New Swell Classification Guidelines (Winter)
Significant: Winter - Swell 8 ft @ 14 secs or greater (11+ ft faces) for 8+ hours (greater than double overhead). Summer - Head high or better.
Advanced: Winter - Swell and period combination capable of generating faces 1.5 times overhead to double overhead (7-10 ft) Summer - Chest to head high.
Intermediate: Winter - Swell and period combination generating faces at head high to 1.5 times overhead (4-7 ft). Summer - Waist to chest high.
Impulse/Windswell: Winter - Swell and period combination generating faces up to head high (1-4 ft) or anything with a period less than 11 secs. Summer - up to waist high swell. Also called 'Background' swell.
On Sunday (3/6) North and Central California was getting northwest swell from a tiny gale that dropped southeast from the northern dateline with waves 1 ft overhead with light winds and rain on top. Southern California was getting a fraction of that swell early with waves knee to thigh high and textured up north. Down south waves at exposed breaks were up to waist high and heavily textured early. Hawaii's North Shore was getting local northwest windswell and pretty much blown out with Konas in control and waves chest high. The East Shore was getting wrap-around northwest windswell energy at waist high and blown out. The South Shore is not being monitored for the winter and presumed to be asleep with waves 2 ft or less.
The forecast for North and Central CA starting Monday (3/7) is for northwest swell continuing at 5.5 ft (faces) with northwest local windswell on top. Tuesday windswell takes over at 5 ft and doing the same on Wednesday (5 ft). Thursday windswell again expected at 5.5 ft) with possible better swell on Friday to 10 ft. Southern California is to see northwest swell continuing on Monday at waist high and getting rawer but holding at waist high on Tuesday. Northwest swell fades to windswell at knee high on Wednesday then up to thigh high Thursday. Possible new swell arrives for later Friday to head high or more. The North Shore of Oahu is to see waist high mixed windswell on Monday then small shoulder high northwest swell arrives for later Tuesday. Possible decent northerly swell arrives late Wednesday to 9 ft (faces) pushing 11 ft early Thursday fading from 7 ft faces on Friday. The East Shore is to see northeast windswell fading from knee to thigh high Monday. New east windswell to chest high Tuesday fading some Wednesday and waist high Thursday and 6 inches more Friday. The South Shore is asleep for the winter.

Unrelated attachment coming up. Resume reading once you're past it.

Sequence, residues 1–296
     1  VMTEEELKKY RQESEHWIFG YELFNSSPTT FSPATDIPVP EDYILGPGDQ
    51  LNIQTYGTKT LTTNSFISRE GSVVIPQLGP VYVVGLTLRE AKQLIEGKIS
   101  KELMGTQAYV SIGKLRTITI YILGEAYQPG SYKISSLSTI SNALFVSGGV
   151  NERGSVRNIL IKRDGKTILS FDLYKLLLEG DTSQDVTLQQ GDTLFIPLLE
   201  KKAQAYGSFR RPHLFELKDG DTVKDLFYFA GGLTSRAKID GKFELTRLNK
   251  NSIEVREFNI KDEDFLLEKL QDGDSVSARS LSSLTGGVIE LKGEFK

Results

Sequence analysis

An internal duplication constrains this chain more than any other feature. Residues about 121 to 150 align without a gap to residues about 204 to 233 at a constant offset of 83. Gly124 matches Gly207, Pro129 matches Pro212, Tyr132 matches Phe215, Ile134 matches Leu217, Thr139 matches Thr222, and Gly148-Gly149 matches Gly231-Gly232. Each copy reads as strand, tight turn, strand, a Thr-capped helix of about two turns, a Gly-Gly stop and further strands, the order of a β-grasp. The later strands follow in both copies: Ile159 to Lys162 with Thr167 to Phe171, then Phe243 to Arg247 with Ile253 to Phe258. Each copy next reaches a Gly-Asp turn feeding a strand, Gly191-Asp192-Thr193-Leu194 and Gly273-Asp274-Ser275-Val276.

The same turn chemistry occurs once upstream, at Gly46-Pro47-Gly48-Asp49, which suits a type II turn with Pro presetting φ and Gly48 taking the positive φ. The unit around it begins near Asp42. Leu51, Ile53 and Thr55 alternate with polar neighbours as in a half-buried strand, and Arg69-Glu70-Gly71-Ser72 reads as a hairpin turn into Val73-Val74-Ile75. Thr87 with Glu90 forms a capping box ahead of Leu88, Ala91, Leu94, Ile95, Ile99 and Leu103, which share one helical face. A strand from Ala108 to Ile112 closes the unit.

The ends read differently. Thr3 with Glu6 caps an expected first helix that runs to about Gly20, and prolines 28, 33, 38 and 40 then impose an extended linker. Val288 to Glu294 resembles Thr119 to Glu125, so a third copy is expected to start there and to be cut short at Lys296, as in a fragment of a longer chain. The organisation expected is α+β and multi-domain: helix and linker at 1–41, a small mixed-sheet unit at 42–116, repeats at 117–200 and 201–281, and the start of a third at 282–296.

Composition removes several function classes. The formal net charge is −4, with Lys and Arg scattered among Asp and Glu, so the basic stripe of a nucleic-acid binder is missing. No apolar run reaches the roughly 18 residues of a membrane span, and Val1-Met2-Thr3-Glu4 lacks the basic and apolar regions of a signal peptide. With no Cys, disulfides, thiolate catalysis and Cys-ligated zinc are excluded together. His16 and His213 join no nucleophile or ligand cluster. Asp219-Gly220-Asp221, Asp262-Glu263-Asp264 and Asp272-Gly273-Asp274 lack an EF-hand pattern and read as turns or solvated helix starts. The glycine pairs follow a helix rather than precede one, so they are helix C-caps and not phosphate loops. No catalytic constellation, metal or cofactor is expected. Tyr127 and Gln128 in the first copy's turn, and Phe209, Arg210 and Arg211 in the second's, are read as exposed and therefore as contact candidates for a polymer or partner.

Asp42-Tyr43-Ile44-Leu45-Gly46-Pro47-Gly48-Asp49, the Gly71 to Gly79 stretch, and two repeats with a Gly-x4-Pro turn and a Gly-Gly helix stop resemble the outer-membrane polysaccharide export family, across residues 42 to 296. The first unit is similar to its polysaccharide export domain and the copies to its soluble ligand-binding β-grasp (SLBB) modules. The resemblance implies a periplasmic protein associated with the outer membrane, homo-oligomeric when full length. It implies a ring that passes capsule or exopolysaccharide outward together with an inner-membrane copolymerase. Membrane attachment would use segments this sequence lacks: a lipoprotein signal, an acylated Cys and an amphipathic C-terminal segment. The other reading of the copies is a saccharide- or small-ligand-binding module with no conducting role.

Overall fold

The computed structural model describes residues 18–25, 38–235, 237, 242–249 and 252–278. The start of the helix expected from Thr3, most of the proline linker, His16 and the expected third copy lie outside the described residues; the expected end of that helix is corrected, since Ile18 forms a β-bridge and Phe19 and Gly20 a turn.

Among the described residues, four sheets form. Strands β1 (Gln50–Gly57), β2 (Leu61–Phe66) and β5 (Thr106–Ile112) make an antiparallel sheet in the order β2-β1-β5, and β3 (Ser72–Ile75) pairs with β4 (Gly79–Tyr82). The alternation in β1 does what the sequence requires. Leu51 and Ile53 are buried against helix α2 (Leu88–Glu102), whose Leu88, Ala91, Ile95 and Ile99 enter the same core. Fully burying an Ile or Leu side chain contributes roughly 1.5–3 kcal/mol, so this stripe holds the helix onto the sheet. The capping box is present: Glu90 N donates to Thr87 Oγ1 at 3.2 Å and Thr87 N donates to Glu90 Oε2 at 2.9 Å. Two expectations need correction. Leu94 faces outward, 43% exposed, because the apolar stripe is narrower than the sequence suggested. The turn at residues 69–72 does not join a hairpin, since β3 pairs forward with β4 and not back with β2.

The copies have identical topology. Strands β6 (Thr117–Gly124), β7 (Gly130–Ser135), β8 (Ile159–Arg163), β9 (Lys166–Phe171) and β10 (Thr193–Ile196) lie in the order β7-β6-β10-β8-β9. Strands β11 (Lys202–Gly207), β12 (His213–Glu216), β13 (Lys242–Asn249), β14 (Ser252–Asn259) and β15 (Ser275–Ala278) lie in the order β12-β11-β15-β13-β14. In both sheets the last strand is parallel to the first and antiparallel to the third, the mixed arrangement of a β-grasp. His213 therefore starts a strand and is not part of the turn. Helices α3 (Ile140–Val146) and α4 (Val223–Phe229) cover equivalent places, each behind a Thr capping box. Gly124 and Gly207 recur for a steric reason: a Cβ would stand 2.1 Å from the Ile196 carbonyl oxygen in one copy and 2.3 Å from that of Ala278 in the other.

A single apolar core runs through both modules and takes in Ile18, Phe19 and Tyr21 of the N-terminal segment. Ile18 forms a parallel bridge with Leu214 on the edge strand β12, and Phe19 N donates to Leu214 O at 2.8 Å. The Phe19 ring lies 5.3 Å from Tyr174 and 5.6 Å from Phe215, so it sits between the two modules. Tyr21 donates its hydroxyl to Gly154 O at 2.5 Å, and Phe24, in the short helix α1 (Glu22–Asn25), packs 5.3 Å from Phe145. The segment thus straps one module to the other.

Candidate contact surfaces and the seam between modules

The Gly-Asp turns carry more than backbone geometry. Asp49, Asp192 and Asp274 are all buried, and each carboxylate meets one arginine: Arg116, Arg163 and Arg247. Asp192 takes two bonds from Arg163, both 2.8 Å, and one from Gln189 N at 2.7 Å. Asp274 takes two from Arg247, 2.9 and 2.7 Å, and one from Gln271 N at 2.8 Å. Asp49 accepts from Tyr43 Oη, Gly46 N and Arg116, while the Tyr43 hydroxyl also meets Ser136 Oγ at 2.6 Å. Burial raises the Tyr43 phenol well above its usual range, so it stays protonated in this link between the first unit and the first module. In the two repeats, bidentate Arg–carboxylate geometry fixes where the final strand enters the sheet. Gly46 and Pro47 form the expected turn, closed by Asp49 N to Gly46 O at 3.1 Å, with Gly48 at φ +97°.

A gale was developing just south of the intersection of the dateline and the Aleutians on Sunday (3/6) and is forecast to drop southeast pushing directly towards California through late in the workweek with seas initially in the 30 ft range and steadily declining as the week progresses. Possible sideband swell for Hawaii mid-week with more size for the mainland as the weekend approaches. A series of two more slightly weaker systems are to follow the same path over the weekend. And improved jetstream and slight resurgence of the Active Phase of the MJO appears to be having a much needed positive impact on gale production.
SHORT- TERM FORECAST
Current marine weather and wave analysis.cgius forecast conditions for the next 72 hours
On Sunday (3/6) the .cgiit jetstream pattern that has dominated lately appeared to be in remission with a fairly cohesive singular flow tracking flat from Japan over the dateline then ridging just a little in the Western Gulf before tracking flat east again and pushing into Northern California. A pocket of up to 150 kt winds were in the Western Gulf, but otherwise winds were 130 kts. What almost looked like a trough was trying to set up on the dateline. Not too bad. Over the next 72 hours a bit of a .cgiit is to try and develop on the dateline Tuesday (3/8) pushing the main flow up to the Aleutians (but not into the Bering Sea) with a trough ahead of it in the Gulf of Alaska fed by 140 kts winds moving directly towards the US West Coast. reasonable support for gale development in that trough. Beyond 72 hours a new batch of solid wind energy is to build off Japan reaching to the dateline with winds up to 170 kts on Wed (3/9) pushing to the dateline by Sat (3/12) with winds down to 150 kts. No clearly defined troughs forecast though. A dead flat jetstream is forecast by Sunday with 140 kt winds over it's width and a weak trough trying to develop in the Gulf. In all not too bad of a pattern is forecast to develop with some support for gale development possible.